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End Punctuation: Period, Question Mark, Exclamation Point


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Punctuation
Punctuation is intended to clarify the meaning of writing. It provides the key to the logic of an argument; for example, when readers see a semicolon in a work, they know the writer is linking closely related ideas. The ability to use different forms of punctuation to express ideas gives variety, coherence, and strength to writing.

Period
Use a period to end sentences that are statements, indirect questions, or mild commands. Also use a period after most abbreviations and within decimal numbers and amounts of money.

Use a Period With:
Statements
EXAMPLES:
The mayor's speech was unusually well received.
The meeting was amicable and important.

Indirect Questions
An indirect question reports what a person has asked, but not in the speaker's original words. Since the question is paraphrased, quotation marks are not used.
EXAMPLES:
He asked me when the train will leave the station.
She wanted to know whether the supplies would be back in stock by Tuesday.

Mild Commands
If you cannot decide whether to use a period or an exclamation mark after a command, use a period. Exclamation marks are used infrequently in formal writing.
EXAMPLES:
Read the next two chapters before Tuesday.
Please leave your muddy shoes on the mat outside the door.

Most Abbreviations
EXAMPLES:
H. Sammis & Sons, Inc., recently issued its annual report.
A. L. Smith just returned from a convention at the U.S. Department of Agriculture.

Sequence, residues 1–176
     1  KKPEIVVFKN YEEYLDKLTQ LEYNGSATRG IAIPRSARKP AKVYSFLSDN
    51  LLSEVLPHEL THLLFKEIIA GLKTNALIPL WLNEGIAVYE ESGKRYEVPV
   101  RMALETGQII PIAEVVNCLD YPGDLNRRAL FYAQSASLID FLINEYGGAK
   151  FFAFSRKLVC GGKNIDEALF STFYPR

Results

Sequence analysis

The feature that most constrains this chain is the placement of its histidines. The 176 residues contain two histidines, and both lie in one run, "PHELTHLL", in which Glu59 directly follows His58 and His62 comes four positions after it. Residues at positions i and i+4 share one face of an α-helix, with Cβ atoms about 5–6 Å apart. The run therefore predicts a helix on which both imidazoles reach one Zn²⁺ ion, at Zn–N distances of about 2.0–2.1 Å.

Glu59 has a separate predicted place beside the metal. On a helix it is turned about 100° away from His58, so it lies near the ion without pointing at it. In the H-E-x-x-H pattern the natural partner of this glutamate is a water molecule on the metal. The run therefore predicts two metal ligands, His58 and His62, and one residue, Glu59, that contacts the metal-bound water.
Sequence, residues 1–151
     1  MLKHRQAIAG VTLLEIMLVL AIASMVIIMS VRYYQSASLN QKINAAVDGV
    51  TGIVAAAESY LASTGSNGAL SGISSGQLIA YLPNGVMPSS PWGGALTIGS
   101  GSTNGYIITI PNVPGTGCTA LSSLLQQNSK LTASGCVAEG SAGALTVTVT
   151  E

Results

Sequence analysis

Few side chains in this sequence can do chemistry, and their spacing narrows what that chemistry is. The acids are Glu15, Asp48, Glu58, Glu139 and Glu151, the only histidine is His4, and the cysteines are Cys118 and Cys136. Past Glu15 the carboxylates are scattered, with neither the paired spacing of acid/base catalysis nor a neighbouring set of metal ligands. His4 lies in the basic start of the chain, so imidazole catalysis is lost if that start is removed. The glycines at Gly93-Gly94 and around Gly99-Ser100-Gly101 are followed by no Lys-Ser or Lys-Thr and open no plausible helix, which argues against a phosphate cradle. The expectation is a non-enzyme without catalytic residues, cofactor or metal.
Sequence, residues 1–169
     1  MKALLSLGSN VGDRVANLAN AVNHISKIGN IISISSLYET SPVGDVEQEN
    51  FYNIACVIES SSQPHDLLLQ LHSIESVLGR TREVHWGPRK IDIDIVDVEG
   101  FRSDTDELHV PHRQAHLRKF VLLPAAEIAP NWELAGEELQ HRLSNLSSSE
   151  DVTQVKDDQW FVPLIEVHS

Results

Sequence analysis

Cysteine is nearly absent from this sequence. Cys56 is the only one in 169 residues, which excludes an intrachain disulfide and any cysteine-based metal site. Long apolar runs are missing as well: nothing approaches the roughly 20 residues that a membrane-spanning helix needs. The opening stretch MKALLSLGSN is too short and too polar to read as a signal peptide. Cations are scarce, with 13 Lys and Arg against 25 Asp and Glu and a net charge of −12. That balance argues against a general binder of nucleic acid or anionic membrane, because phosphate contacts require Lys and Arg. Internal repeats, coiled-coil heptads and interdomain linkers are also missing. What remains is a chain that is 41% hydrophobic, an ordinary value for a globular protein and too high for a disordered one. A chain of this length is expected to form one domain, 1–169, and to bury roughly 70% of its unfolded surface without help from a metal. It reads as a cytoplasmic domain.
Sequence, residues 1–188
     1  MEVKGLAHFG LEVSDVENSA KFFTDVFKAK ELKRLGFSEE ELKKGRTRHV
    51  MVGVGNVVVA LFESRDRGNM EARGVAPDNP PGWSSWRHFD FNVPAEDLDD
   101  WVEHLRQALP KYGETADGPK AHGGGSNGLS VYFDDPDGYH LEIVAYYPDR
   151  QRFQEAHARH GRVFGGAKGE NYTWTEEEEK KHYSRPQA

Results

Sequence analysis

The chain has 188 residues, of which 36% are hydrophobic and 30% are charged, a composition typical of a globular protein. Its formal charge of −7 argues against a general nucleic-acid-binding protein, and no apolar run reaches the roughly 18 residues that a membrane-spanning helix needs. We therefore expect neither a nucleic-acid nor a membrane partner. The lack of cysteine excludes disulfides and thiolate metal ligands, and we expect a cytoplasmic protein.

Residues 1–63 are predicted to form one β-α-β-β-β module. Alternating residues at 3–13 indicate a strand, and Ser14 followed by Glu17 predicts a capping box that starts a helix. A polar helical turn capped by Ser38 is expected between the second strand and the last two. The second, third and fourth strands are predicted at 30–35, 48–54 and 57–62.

When a sentence ends with an abbreviation, use only one period.
EXAMPLES:
The meeting will begin promptly at 8 A.M.
I will send your files to Jeffrey Mallack, M.D.

Also note that the official two-letter postal zip code state abbreviations do not use periods. Acronyms—abbreviations formed from the first letters of the words in a name—never use periods.
EXAMPLES:
Acronyms:

Within Decimal Numbers and Amounts of Money
EXAMPLES:
A sales tax of 7.5 percent is leveled on all clothing in this state.
He spent $44.50 on the shirt, $36.99 on the pants, and $22.00 on the tie.

Question Mark
Use a question mark to end a sentence, clause, phrase, or single word that asks a direct question. Also use a question mark within parentheses to indicate uncertainty about the correctness of a number or date included within the sentence.

Use a Question Mark
To Indicate a Question
EXAMPLES:
Who invited him to the party?
"Is something the matter?" she asked.
Whom shall we elect? Murray? Harris?

To Indicate Doubt about Information
EXAMPLES:
Socrates was born in 470 (?) B.C.
The codex dates back to A.D. 500 (?)
Exclamation Point

Use an exclamation point to end a sentence, clause, phrase, or single word that expresses strong emotion, such as surprise, command, and admiration.
Use an Exclamation Mark to Express:
Strong Emotion

EXAMPLES:
Go away!
What a week this has been!



Sample Usage

Stated above with examples.


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